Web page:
Although Yusuf now ruled Spain, his capital, throne and seat of government remained in Morocco, but he later established a separate court in Andalusia as well. The first known Black African monarch of Morocco and Spain thus set a precedent for later rulers.

Yusuf had also planned a new offensive and Jihad against Valencia and the Cid in 1099, but a few days after his arrival on Spanish soil that year El Cid, the only man who had defeated Yusuf’s forces in battle, died a natural death in his sleep, and allegedly while his principality was still under siege.

Only his death saved the Cid from being forced to fight Yusuf personally. El Cid had failed in his last battle and three years later his State finally fell to his greatest adversary, Yusuf Ibn Tashfin after a nine-month siege.

However, since the African Emperor’s purpose primarily had been to fight the Cid in 1099, Yusuf then returned to Morocco and it’s thought, without any military engagements personally. After 1099 Yusuf never faced any revolts to his rule in Andalusia or in Africa.

As long as Yusuf lived there was relative harmony, peace and tranquillity throughout his territories. As a ruler, Yusuf reformed the administration, ordered the Khutbah (Friday Sermons) to be read in the name of the Caliph in Baghdad made it part of the Abbassid Central Caliphate whom he also gave allegiance to, strictly enforced the Shariah and set a personal example himself.

Earlier the [Abbassid] Caliph of Baghdad, Al-Muqtadi Bi’amrillah (1077-1094), sent him a garment, a standard and invested Yusuf with the honorific title ‘Ameer-ul-Muslimeen’ (Commander of the Faithful), a distinguishing tribute and mark of respect accorded to him at the time, by someone theoretically so much higher than him in rank.

In 1105, eighty-two years before Sultan Salahudeen Yusuf Bin Ayyubi (better or more wrongly known as Saladin to his Christian opponents), Yusuf Ibn Tashfin embarked on an ambitious plan to liberate Jerusalem from Christian rule.

It was ambitious in the sense that no other Muslim army, including those nations adjoining Palestine was accompanying him in this venture, or seemed to share an interest in its success or was willing to help and provide support.

Sixty ships with possibly the largest expeditionary Black African force to the Middle East known to have come together, assembled that year. For Yusuf, the initiative was not necessarily idealistic but similar in design to his first trip to Spain in 1086; liberation to those oppressed by others.

Had everything gone according to plan, Islamic rule would have been re-established and secured within a short time and the disunity engulfing the Muslim World, might have been quenched successfully. Unfortunately many of the ships were sunk in a storm.

Many of the troops on board were also killed before meeting any enemy forces and with it the dream of conquering Jerusalem. Allah had decreed it was to be his first and final attempt. Yusuf died the following year.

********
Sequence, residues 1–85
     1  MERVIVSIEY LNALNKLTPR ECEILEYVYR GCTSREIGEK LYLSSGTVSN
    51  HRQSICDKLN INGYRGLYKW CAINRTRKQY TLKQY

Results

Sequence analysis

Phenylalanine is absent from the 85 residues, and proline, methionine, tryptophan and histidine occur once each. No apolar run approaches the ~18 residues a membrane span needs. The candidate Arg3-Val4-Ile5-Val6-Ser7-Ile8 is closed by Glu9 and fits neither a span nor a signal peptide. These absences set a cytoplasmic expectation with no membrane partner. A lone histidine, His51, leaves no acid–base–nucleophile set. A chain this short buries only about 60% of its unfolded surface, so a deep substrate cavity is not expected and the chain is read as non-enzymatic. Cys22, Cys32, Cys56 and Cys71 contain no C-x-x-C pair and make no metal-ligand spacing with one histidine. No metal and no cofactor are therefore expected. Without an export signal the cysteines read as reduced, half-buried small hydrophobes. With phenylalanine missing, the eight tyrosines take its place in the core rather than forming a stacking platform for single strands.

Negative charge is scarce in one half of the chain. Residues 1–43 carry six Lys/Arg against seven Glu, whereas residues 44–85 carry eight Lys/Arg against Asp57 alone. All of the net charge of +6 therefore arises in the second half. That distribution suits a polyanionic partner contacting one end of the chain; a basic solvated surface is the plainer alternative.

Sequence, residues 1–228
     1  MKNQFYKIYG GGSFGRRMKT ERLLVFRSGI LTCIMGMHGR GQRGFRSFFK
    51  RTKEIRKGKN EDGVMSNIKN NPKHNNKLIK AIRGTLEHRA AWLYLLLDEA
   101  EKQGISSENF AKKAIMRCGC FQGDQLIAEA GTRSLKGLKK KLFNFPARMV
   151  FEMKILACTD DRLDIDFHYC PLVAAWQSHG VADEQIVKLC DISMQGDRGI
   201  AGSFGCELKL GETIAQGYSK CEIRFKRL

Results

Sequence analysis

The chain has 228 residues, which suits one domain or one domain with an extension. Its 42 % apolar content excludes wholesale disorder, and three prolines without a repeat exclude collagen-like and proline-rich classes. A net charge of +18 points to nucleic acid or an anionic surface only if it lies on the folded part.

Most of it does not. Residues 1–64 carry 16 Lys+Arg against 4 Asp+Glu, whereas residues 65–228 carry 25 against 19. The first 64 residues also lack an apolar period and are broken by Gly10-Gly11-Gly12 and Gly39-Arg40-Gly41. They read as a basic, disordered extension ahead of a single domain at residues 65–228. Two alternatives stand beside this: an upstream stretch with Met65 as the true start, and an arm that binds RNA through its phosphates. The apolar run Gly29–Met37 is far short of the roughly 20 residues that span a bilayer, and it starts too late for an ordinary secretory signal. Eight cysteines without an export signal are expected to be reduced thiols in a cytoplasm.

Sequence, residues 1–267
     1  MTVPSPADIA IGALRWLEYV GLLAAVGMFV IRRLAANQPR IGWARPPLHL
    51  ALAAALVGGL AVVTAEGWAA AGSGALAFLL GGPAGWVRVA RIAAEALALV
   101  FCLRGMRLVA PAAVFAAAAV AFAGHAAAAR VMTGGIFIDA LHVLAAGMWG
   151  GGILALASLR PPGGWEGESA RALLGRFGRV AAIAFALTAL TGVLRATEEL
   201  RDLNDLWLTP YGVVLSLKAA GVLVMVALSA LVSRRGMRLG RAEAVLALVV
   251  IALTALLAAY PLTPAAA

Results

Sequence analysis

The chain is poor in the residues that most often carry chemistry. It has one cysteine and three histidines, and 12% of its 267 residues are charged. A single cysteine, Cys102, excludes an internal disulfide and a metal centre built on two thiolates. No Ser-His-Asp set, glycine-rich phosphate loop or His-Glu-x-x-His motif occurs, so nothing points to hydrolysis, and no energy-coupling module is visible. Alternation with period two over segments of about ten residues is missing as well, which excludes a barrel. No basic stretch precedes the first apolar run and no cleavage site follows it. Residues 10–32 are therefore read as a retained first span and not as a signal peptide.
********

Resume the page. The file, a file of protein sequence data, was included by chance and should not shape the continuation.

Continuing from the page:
The Christian Latin Kingdom of Jerusalem, who may have been completely ignorant of the event, at least for the time being, could breathe a huge sigh of relief. When it was finally conquered in 1187, many Christians believed Sultan Salahudeen Yusuf Ibn Ayyubi must have had [French] Christian blood in him to begin with.

He was given a European ancestor who had converted to Islam following her capture after a battle, but later failed to persuade her daughter to revert to Christianity after the former was reunited with her earlier husband. The rebel daughter later gave birth to Salahudeen.

These ‘facts’ then explained the scale of the Christian defeat against him; it also helped prevent Christians embracing Islam by just thinking and talking about the events in amazement and confusion.

How else could he (Salahudeen), as a Non Christian (and a follower of someone who Christianity regarded as an Anti-Christ) inflict such decisive losses against God’s chosen ones and not suffer defeat himself subsequently afterwards?

As for Yusuf’s Empire after his death, the Christians were forced back further North, Saragossa and other areas of Christian Spain not previously taken, were annexed including Talavera and parts of Castile.

Alfonso VI, Yusuf and the Murabitun’s other great rival, would live on until 1109 but made little impact afterwards. In 1108 he also lost his only (illegitimate) son, Sancho, at the Battle of Ucles against the Murabitun. Only his daughters survived him.

As both his brothers were dead and also had no male heirs to inherit Kingship of the Tripartite Dominion, the bloodline passed on to Alfonso VII, the son of their sister Urraca, to occupy the vacant throne in 1109.

Earlier Alfonso VI had also refused to save the Cid’s principality when asked to do so, adding with the Cid’s death he now had no one able to contain Yusuf’s men and recommended the City be evacuated, as it could not now be saved.

Ali Ibn Yusuf, then only Twenty-three at the time of his accession to the throne in 1106, continued the successful trend of his father for over a decade. He was almost as religious as Yusuf, preferred simplicity and solitude and wasn’t lacking in implementing justice.

As a military leader, the City of Toledo eluded him, (which he once unsuccessfully besieged) but Ali personally annexed the neighbouring Hajirah Valley, its surrounding cities and later the City of Lisbon from the Christians.